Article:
When I was about age 8 or 9 and Sunday School was over, instead of playing games with my peers, I sat next to Mama in the pew of the sanctuary of the church during the Japanese-speaking church service. (The men sat on one side and the women sat on the other. I don’t know why, but they did. That’s why I never sat next to Papa in church.)
By attending these Japanese-speaking church services, I was able to learn the “Doxology” and “Gloria Patri” in Japanese and some lines of the hymn “Holy, Holy, Holy” in addition to a few Christmas carols.
As I mentioned in a previous column, Mama had a beautiful singing voice and would sing hymns and other songs she knew while cooking our dinner as I set the table or helped her in any way she requested. She taught me Japanese children’s songs such as “Hato Popo.” Although many years have passed, I still remember the children’s songs Mama taught me.
Even to this day, when we have a combined English and Japanese service, I always sing the “Doxology” and “Gloria Patri” in Japanese. I think of Mama and feel her presence beside me and can hear her beautiful voice singing hymns.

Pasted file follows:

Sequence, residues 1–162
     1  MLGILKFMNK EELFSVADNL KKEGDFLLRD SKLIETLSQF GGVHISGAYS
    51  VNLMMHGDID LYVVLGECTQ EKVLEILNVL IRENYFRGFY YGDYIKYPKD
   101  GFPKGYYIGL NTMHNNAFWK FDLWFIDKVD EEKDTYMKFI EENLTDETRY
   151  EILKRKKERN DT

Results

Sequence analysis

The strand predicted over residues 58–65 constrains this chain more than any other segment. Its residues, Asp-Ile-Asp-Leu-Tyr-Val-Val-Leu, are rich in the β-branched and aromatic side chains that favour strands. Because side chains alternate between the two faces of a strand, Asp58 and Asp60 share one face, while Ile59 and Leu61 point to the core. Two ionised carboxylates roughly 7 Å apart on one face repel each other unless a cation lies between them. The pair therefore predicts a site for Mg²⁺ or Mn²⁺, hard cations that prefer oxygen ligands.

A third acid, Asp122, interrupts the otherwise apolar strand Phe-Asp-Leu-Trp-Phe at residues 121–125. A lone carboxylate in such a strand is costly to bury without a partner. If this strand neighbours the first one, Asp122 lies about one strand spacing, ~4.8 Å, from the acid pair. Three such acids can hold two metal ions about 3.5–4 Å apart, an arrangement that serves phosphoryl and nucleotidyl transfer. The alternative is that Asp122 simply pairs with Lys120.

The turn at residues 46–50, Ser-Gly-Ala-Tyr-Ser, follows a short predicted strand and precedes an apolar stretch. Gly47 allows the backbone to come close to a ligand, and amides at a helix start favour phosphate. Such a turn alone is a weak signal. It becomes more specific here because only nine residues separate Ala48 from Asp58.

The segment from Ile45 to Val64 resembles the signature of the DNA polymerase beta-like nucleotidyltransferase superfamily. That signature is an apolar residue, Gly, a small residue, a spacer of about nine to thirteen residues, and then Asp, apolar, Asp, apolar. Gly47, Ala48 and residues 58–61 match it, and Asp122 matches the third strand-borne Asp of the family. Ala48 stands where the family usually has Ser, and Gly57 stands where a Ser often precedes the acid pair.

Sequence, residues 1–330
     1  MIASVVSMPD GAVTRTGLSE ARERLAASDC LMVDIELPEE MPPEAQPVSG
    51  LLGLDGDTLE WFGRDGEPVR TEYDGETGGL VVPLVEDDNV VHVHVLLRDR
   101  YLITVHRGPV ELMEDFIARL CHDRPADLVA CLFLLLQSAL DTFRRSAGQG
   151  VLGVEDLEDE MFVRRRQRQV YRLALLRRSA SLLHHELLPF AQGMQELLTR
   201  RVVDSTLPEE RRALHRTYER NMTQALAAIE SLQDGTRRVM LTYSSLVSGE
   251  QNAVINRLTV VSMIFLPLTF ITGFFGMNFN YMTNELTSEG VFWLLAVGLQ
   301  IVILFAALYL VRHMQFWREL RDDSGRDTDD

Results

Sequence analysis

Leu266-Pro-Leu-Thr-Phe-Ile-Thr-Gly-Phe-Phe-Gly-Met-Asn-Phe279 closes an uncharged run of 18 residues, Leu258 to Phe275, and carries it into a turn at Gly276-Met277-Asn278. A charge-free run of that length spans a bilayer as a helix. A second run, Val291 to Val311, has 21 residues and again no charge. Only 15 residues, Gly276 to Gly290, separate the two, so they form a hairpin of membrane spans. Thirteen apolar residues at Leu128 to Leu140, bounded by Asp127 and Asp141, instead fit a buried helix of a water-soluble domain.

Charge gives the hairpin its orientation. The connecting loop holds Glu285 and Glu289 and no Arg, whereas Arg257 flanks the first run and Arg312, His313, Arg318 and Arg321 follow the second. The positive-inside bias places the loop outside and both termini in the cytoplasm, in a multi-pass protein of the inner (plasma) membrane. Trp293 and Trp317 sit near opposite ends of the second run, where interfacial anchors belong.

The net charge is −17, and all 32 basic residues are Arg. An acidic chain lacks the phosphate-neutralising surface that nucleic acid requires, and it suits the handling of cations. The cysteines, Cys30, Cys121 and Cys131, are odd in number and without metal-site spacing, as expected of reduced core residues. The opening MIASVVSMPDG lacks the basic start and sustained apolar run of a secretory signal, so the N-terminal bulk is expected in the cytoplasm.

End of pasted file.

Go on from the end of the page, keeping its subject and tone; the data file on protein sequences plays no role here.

Sitting next to Mama and attending the Japanese-speaking church services, I learned many pertinent religious words in Japanese, such as 組合 kumiai (congregational), 長老 Chourou (Presbyterian and/or elder), イエスキリスト Iyesu Kirisuto (Jesus Christ), 聖霊 Seirei (Holy Spirit), 聖餐式 Seisanshiki (Holy Communion), よみがえる yomigaeru (resurrect), 十字架 juujika (cross), 弟子 deshi (disciple), 聖書 Seisho (Bible), 賛美歌 sanbika (hymn), 罪 tsumi (sin), 信仰 shinkou (faith), 望み nozomi (hope).
It has been a blessing to retain and be familiar with the terms I learned as a child because today I am able to understand 85 percent of a sermon spoken in Japanese.
If I would only truly apply myself, I could learn the Lord’s Prayer in Japanese, but as it stands now, I only know the first two lines. This is one of the New Year’s resolutions I make every year, but fail to keep.
The Lord’s Prayer has a combination of the most beautiful four verses in the Bible. It covers all walks of human life in this short prayer taught by our Lord. Maybe I should make up my mind beginning now to memorize this prayer in Japanese.
Thank you, God, for giving me such a wonderful Mama. She was good to me. I will always remember all the wonderful aspects of life she taught me and her being such a living example.
My best wishes to all of you for a VERY MERRY CHRISTMAS and A VERY HAPPY 2014.
Amen in gratitude.
Maggie Ishino is a Rafu typist. She can be reached at firstname.lastname@example.org. Opinions expressed in this column are not necessarily those of The Rafu Shimpo.